Type: Sailing Frigate (44 guns)
Launched: October 21, 1797
At: Edmond Hartt Shipyard, Boston, Massachusetts
Most Recent Dry-docking: 2015-2017
Length: 305’ (overall); 207’ (billet-head to taffrail)
Beam: 43 feet, 6 inches
Draft: 22 feet, 6 inches (aft, today)
Displacement: 1,900 tons (today)
Armament: Twenty-four, 32-pound carronades; One 18-pound bow chaser; Thirty 24-pound long guns (1812 armament)
Charlestown Navy Yard
Boston, Massachusetts 02129-1797
Fax: (617) 242-5616
Latitude: 42.372456, Longitude: -71.056604
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USS Constitution was launched October 21, 1797, in Boston and first sailed on July 22, 1798, as one of the six frigates of the new United States Navy which was created to defend American commerce. Constitution is remembered for capturing 33 vessels in her active career and for her three victorious battles against British Navy warships in the War of 1812. Her first War of 1812 success over HMS Guerriere occurred on August 19th in the first frigate-to-frigate battle of the war. Constitution became “Old Ironsides” when an American sailor noticed that some of Guerriere’s shot failed to penetrate Constitution’s thick, oak hull. “Huzza! Her sides are made of iron!”, the sailor purportedly exclaimed, and thus the nickname was born.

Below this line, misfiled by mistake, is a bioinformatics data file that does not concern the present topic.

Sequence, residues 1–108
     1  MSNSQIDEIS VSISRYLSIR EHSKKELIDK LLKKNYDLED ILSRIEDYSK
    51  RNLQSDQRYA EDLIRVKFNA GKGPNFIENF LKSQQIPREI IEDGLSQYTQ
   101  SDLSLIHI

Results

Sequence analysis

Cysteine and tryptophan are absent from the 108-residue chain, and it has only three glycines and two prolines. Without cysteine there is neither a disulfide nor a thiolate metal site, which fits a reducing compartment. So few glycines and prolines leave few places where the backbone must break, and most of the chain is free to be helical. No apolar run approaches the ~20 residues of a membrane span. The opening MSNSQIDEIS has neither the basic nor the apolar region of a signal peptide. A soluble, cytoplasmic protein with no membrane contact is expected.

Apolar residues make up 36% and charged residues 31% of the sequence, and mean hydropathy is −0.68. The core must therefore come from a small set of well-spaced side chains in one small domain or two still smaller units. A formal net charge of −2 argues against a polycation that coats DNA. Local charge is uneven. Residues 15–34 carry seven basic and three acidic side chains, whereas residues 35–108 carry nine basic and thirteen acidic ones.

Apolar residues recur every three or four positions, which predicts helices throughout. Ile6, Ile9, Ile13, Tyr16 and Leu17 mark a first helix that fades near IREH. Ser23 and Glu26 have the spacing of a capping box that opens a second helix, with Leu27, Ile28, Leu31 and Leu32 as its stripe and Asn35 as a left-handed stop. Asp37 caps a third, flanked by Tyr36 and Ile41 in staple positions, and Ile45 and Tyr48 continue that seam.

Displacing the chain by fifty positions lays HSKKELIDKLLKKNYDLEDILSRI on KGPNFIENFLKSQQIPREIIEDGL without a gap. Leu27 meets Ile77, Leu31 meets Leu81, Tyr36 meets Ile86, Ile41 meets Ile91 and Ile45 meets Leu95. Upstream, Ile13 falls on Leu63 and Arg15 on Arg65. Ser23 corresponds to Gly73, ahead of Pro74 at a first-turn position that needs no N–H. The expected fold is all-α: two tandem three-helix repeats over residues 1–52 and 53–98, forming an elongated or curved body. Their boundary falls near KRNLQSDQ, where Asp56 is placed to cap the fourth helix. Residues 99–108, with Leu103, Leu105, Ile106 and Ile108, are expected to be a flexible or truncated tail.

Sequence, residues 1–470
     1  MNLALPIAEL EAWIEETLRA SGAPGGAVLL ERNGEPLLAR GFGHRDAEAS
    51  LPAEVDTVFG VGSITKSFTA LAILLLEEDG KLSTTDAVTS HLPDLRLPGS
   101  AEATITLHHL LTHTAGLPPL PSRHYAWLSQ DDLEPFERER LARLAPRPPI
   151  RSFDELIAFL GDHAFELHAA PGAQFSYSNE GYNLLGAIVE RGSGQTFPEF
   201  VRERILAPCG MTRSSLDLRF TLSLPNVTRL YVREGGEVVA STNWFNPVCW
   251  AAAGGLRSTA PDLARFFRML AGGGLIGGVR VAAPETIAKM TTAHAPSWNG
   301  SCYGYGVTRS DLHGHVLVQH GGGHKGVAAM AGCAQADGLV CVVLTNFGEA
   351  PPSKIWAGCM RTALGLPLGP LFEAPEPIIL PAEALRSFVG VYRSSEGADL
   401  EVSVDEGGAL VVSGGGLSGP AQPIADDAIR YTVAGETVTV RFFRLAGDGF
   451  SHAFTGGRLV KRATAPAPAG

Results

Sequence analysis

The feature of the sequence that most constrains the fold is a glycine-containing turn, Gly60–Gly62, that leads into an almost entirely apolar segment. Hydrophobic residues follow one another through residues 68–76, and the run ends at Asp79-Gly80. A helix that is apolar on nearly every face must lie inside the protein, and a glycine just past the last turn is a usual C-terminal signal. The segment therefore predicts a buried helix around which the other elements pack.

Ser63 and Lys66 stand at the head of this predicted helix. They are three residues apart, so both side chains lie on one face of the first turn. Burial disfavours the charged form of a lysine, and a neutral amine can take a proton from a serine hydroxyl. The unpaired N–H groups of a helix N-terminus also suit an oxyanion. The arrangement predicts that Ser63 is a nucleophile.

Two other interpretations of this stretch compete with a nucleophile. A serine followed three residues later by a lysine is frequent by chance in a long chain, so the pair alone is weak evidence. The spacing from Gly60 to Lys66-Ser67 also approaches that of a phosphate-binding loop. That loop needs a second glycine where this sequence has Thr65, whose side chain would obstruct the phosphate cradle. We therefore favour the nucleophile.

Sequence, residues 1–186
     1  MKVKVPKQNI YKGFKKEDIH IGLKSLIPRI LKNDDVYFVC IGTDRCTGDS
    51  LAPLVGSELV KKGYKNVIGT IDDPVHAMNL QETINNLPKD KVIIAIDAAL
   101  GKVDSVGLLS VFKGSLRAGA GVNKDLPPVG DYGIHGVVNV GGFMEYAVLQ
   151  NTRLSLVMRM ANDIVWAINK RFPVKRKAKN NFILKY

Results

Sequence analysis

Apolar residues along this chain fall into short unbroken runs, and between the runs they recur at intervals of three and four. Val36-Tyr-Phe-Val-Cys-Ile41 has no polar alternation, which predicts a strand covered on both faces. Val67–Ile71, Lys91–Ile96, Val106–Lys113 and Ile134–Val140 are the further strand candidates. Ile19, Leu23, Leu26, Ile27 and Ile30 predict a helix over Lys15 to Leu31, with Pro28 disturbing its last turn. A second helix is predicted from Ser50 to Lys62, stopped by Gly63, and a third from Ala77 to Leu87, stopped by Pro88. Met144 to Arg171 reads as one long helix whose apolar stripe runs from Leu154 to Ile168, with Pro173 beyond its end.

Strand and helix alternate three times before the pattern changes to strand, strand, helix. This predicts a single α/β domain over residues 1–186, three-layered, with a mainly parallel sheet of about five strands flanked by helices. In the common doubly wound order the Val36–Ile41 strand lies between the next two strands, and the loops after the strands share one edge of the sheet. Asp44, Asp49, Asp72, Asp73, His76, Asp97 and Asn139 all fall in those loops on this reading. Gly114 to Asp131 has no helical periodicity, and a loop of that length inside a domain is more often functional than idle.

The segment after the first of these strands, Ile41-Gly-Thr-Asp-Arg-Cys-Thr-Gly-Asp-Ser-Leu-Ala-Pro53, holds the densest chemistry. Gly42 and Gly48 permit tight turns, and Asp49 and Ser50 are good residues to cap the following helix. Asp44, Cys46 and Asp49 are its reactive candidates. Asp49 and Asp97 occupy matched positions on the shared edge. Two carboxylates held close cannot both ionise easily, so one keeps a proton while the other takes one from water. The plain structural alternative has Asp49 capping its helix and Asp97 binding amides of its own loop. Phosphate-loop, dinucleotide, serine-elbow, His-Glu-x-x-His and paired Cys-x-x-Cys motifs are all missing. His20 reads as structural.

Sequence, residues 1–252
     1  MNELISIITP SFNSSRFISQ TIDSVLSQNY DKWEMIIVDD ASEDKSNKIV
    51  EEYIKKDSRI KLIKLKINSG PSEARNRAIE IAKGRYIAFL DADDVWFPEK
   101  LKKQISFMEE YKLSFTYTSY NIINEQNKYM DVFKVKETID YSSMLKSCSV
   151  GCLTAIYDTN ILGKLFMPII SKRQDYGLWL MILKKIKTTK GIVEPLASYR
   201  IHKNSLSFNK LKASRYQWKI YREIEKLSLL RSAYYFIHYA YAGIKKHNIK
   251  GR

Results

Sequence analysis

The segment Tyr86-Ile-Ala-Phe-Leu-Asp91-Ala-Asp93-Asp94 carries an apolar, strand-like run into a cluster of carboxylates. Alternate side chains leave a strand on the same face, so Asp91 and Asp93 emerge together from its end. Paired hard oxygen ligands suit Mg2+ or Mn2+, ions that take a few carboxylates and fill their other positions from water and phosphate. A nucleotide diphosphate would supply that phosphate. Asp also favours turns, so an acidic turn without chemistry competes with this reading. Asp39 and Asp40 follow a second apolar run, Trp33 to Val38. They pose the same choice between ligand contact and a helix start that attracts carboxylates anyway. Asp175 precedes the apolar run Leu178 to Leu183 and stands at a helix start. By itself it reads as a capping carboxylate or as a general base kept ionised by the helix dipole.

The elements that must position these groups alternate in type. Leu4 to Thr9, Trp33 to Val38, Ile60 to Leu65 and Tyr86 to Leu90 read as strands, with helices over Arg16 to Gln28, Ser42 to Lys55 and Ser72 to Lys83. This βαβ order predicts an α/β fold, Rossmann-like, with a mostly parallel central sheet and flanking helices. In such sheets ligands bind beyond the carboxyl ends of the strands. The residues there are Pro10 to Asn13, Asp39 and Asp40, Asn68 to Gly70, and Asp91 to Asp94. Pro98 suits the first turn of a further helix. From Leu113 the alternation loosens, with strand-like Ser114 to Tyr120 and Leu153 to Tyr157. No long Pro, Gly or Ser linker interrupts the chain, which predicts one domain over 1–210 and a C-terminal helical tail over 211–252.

Constitution’s long career included sailing around-the-world, slave interdiction with the West Africa Slave Squadron, use as a U.S. Naval Academy training ship, and one of the vessels that carried the United States’ exhibits to the 1878 Paris Exposition Universelle. Despite such a storied career, there were several times where the ship was almost lost. In 1830, a rumor circulated in Boston that the U.S. Navy was to scrap Constitution. Although untrue, the perceived threat prompted Oliver Wendell Holmes to pen his poem “Old Iro” which rallied Bostonians. In 1905, Secretary of the Navy Charles Joseph Bonaparte suggested that the old ship was no longer useful and should be used for target practice in the Atlantic Ocean. Bonaparte was transferred to Attorney General and Constitution received her first 20th restoration.
USS Constitution became America’s “Ship of State” in October, 2009, is the oldest commissioned warship afloat in the world, and the world’s oldest sailing vessel that can still sail under her own power. Constitution sailed for the first time in 116 years on July 21, 1997 to commemorate her 200th anniversary and again on August 19, 2012 to commemorate the 200th anniversary of the War of 1812. Constitution is manned by 75+ U.S. Navy personnel who provide public tours throughout the year.